Further down the road from Bandilngan (Windjana Gorge) is Dimalurru (Tunnel Creek), a 750 metre long underground tunnel, and Western Australia’s oldest cave system. It was once a hideout for Aboriginal (Bunuba) leader and resistance fighter, Jandamarra. Keep an eye out for impressive stalactites overhead as you venture through the creek to the other side of the mountain range. Part of the walk involves wading or swimming through pools of water in the dark – so bring along a good torch and a pair of shoes you don’t mind getting wet.
Read our full guide about Dimalurru (Tunnel Creek) here.
Dalmanyi (Bell Gorge)
This beautiful waterfall is one of the best along the Gibb River Road and it’s one of the first gorges you’ll come across when heading east from Derby. A short one kilometre walk leads you to the top of the waterfall where you can swim right up to the edge of the natural infinity pool to soak up the impressive views down the gorge. But there’s nothing better than a refreshing swim in the deep plunge pool beneath the horse-shoe shaped falls. To get there it’s a short walk across the falls and down a steep, rocky path to access the crystal clear bottom pool. You can camp nearby at Silent Grove campground and bookings for campsites can be made online up to 180 days in advance.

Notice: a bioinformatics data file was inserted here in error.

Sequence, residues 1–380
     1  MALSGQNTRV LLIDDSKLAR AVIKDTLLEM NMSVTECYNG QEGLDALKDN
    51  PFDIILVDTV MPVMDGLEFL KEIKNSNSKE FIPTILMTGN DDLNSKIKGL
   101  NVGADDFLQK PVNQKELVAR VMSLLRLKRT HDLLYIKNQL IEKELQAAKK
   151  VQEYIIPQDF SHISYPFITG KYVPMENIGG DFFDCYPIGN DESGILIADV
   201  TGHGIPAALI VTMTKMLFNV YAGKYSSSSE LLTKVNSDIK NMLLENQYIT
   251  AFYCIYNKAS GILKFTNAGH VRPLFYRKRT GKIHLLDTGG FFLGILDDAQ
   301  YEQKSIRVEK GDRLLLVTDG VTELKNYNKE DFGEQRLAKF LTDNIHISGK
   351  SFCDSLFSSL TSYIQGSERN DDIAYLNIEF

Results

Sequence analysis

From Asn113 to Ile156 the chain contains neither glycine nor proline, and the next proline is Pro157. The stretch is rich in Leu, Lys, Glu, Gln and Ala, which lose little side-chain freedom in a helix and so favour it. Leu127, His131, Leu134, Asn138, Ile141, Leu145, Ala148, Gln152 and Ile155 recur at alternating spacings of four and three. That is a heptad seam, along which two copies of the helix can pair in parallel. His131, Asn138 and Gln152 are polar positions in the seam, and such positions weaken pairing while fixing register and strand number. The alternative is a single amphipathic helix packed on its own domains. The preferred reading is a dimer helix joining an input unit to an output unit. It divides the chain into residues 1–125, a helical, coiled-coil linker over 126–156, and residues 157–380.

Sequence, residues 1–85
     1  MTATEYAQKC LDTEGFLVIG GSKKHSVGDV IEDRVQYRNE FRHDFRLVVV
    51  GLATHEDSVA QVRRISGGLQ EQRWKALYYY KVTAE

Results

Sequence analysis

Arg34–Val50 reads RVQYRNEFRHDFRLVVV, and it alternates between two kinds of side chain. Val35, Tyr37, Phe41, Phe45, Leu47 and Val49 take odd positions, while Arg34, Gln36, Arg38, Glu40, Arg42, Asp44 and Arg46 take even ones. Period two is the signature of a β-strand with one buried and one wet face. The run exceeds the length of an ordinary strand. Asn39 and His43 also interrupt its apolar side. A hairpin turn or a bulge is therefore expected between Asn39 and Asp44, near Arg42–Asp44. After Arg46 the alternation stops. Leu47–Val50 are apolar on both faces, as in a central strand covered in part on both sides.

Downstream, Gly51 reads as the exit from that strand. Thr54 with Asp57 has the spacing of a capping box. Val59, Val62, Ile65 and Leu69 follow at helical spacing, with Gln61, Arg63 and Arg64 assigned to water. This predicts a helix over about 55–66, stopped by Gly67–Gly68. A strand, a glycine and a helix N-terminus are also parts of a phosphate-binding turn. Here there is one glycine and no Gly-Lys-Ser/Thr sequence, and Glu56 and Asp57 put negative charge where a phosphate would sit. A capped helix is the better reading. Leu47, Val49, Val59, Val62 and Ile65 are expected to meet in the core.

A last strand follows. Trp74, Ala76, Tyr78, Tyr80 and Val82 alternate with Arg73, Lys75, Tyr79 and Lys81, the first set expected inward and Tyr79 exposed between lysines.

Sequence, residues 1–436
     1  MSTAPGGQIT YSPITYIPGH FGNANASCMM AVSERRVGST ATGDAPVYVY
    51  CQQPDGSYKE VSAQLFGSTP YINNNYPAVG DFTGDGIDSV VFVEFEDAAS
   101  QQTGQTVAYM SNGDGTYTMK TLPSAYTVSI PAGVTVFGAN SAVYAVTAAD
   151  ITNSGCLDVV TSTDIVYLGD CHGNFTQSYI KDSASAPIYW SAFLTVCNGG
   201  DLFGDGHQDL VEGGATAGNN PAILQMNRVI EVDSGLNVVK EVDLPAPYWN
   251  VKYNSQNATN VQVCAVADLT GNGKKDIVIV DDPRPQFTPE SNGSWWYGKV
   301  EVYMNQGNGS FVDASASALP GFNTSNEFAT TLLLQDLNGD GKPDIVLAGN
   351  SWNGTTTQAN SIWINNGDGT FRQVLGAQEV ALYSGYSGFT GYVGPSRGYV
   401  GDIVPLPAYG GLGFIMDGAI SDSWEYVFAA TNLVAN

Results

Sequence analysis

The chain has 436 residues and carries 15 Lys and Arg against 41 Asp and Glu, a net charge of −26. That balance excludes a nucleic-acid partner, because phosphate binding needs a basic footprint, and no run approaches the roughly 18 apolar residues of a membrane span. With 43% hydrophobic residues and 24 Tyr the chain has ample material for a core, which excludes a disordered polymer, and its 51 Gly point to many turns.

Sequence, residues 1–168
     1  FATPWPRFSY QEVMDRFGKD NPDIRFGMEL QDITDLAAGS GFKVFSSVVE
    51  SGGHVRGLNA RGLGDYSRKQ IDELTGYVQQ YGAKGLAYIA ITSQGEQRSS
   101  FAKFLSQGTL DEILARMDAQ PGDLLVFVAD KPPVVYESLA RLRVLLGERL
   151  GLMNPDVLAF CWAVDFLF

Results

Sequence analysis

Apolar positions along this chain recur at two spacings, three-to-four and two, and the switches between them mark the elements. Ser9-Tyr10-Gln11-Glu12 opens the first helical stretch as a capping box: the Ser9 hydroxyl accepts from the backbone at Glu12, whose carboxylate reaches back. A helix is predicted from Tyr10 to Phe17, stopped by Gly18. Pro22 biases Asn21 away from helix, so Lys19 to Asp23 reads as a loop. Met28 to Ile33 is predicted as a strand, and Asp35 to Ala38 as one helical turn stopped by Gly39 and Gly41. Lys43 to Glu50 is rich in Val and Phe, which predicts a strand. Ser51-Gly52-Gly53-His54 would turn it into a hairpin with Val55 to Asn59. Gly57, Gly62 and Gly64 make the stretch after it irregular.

Read our full guide about Dalmanyi (Bell Gorge) here.
This picturesque little spot is only a five kilometre drive off the Gibb River Road then a short, rocky walk from the car park. Adcock is usually quiet compared to the other gorges along the Gibb River Road and it’s often one of the few spots that you’ll be lucky enough to have to yourselves. It’s a perfect spot for a swim in the deep, green pool, and at the start of the dry season there’s often a small waterfall running.